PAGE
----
I hope that the author of the monkey parable gets a friend like Socrates before long.

Venky says - "Let's assume that the boss is extraordinarily good in what he does, will pass or fail any standard integrity test @ 75 % (basically not a 100% integrity man, although he conforms 100% to legal and explicitly mandated ethical rules within his corporate context)." Anyone who tells a potential subordinate that he will have to "kiss ass" constantly and dine on his share of excrement to survive working for him gets a "0" on the integrity test in my book.

Sensible leaders don't view subordinates as objects. Venky wonders and comments, "Forgetting the amount of money here, the question is: Is it worth sacrificing your self-respect in the short term to gain financial stability in the long term, considering the fact that, once you achieve financial independence, you can then go and do whatever you want?" My response: Maybe it doesn't matter if you are a monkey. But for humans who are more than physical creatures, it always matters.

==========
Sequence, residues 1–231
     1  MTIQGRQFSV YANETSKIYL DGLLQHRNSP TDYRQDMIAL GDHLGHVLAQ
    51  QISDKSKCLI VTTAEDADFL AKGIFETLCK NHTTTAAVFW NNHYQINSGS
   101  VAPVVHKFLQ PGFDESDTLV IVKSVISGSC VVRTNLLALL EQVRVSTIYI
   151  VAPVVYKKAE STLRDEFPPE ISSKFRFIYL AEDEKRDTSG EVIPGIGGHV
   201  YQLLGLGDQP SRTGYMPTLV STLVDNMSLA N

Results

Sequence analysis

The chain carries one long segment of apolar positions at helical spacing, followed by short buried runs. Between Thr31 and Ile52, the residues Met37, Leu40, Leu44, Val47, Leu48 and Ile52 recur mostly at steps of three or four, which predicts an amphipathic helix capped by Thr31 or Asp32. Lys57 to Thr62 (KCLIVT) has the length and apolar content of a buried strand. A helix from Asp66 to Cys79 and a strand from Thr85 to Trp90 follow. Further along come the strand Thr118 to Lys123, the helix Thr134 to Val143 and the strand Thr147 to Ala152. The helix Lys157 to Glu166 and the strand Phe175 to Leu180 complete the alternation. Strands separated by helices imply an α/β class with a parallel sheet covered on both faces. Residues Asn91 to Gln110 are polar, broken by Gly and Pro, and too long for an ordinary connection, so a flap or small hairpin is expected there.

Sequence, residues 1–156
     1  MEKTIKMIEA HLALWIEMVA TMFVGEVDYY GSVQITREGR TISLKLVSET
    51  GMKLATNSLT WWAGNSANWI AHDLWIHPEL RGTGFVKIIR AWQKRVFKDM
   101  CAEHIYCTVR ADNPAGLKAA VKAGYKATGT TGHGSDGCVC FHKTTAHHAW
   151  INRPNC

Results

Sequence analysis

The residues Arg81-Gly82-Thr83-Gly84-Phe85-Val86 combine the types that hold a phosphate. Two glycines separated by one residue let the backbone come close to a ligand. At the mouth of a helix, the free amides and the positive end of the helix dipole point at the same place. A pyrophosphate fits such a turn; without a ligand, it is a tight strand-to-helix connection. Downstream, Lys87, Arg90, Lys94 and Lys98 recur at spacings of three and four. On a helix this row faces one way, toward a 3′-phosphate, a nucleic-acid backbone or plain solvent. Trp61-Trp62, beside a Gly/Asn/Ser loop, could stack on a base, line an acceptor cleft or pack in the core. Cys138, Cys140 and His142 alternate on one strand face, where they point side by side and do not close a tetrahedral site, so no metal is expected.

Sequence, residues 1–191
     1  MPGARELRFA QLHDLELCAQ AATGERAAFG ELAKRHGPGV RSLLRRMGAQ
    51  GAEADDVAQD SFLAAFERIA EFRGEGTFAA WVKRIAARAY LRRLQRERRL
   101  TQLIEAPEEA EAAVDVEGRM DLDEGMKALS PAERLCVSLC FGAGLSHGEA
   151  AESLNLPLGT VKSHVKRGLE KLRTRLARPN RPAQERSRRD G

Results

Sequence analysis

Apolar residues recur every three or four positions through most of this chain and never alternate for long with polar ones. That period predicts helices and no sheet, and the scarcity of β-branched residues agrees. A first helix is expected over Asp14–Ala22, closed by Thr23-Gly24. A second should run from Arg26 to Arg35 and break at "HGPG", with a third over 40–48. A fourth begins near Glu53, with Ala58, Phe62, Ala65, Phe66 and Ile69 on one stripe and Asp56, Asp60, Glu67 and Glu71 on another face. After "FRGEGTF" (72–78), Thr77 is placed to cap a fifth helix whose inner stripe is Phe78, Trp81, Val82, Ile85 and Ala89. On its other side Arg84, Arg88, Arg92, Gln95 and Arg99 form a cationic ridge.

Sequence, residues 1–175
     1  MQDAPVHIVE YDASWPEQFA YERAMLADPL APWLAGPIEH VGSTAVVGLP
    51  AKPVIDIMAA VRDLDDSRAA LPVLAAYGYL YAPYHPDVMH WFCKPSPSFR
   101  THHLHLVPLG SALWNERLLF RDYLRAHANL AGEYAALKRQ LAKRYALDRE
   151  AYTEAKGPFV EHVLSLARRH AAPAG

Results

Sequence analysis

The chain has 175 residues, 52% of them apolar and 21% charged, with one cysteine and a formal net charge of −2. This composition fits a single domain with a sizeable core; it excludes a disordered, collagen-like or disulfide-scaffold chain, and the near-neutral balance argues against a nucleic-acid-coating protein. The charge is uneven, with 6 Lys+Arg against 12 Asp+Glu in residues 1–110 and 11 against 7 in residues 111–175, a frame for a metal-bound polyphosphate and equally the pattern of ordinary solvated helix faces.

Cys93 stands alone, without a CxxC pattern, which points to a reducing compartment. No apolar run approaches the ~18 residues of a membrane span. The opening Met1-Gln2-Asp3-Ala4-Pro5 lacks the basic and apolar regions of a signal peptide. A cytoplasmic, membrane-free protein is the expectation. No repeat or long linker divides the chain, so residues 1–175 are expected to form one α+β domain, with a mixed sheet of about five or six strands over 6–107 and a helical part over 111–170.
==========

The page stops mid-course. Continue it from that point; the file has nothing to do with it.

It seems to me a more dignified parable would take into consideration the value of each human being involved in the work setting. Maybe the setting could be a garden. One can imagine all the various laborers and managers doing different but ultimately complimentary work. Certainly there may be some in charge and others who take orders. In this garden, we would also see that everyone benefits from the work that is accomplished. If there is an especially bountiful harvest then everyone would benefit more (not necessarily equally, just more). So the managers of the garden are always encouraging the workers to take pride in their work and enjoy the process as well as the production of their labor. In this story, everyone works and everyone eats food and we all celebrate the glories of being human.

This is just one human searching for some clues and sharing with some other humans searching for some answers.